- It recommended the division of region into three zones – ESZ1, ESZ2, ESZ3 and gave a broad outline of certain restrictions for each zone.
- The committee recommended the division of region into zones at the block/taluk level.
- It recommended that no new polluting industries (red and orange) were to be permitted in ESZ1 and ESZ2 and gradual phasing out of such existing industries by 2016. Complete ban on mining in ESZ1 and regulation of mining in ESZ-2.
- It was recommended that bottom to top approach be followed for conservation of Western Ghats.
- Western Ghats Ecological Authority was proposed to be set up as a statutory body and given powers under the Environment protection Act 1986.
- There were many criticisms of the Gadgil Committee Report. Some among them were that
- The report was not prepared keeping in mind the ground realities. If the report is implemented, the development and the energy requirements in the states coming within the boundary of Western Ghats would be adversely affected.
- There is no need to set up a new body while there are many such bodies for the protection of environment.
- Madhav Gadgil has said the recent havoc in Kerala is a consequence of short-sighted policymaking, and warned that Goa may also be in the line of nature’s fury.
Following severe resistance to the implementation of Gadgil Committee report, Kasturirangan Panel was set up in 2012 to advise the government on Gadgil Committee Report.
Highlights of Kasturirangan Report:
- Divide the Western Ghats into Natural Landscape and Cultural Landscape
- Of the natural landscape, it picked out 37% as “bioplogically rich” and with “some measure of contiguity”. Any restrictions were placed in this area.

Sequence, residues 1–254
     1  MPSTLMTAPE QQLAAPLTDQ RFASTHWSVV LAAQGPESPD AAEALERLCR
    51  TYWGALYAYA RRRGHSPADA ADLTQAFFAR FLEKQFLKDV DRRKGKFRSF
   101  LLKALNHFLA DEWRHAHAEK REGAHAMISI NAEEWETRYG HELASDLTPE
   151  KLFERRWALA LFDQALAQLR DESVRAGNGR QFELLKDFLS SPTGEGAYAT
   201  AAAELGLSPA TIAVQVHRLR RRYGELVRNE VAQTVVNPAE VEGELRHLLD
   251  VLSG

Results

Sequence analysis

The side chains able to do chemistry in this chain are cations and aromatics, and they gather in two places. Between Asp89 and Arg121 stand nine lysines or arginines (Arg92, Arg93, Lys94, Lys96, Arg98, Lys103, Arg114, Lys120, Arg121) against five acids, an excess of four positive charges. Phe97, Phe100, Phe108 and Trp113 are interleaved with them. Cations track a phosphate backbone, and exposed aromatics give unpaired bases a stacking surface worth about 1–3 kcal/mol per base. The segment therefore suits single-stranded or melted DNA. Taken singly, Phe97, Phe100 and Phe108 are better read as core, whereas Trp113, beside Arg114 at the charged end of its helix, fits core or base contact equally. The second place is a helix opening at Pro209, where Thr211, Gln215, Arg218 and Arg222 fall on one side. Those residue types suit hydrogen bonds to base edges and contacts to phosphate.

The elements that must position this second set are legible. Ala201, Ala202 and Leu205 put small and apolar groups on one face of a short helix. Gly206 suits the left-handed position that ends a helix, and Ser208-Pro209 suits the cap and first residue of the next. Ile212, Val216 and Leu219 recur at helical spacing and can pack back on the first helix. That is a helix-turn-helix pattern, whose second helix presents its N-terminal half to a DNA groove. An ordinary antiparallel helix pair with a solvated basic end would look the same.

- It proposed the demarcation of ESZ be done at the village level.
- Only red category (heavy polluting) industries were restricted.
- Hydro power project would be given the green signal on a case to case basis, post assessment of its benefits and the possible damage it could cause.
Gadgil report laid too much importance to the environment, Kasturirangan report was biased towards development. Kasturi Rangan report was criticized by many as that it provided loopholes for mining, which if allowed would turn detrimental to the environment, in long-term will affect development too. Kasturirangan report got the tag as anti-environmental soon after its release. But this report was tagged anti-development too by many who fear that their livelihood and interests will be affected.
- The WGEEP had earlier proposed “much larger areas for being included in the eco-sensitive zone” though the Kasturirangan-led High-Level Working Group, also appointed by the MoEF and CC to look into the WGEEP report, had reduced it.
- The Ministry had accepted the Kasthurirangan report and issued the draft notifications on ecologically sensitive zones.
- Now, the six Western Ghats States, Kerala, Tamil Nadu, Karnataka, Goa, Maharashtra and Gujarat have been restrained by the NGT from giving environmental clearance to activities that may adversely impact the eco-sensitive areas of the mountain ranges.
- The panel directed that the extent of Eco-Sensitive Zones of Western Ghats, which was notified by the Central government earlier, should not be reduced, in view of the recent floods in Kerala.
- The Madhav Gadgil-led Western Ghats Ecology Expert Panel (WGEEP) report had created a political furore in the State with most of the political parties and a section of the church opposing it.
- The Tribunal Bench, in its order, noted that any alteration in the draft notification of zones may seriously affect the environment.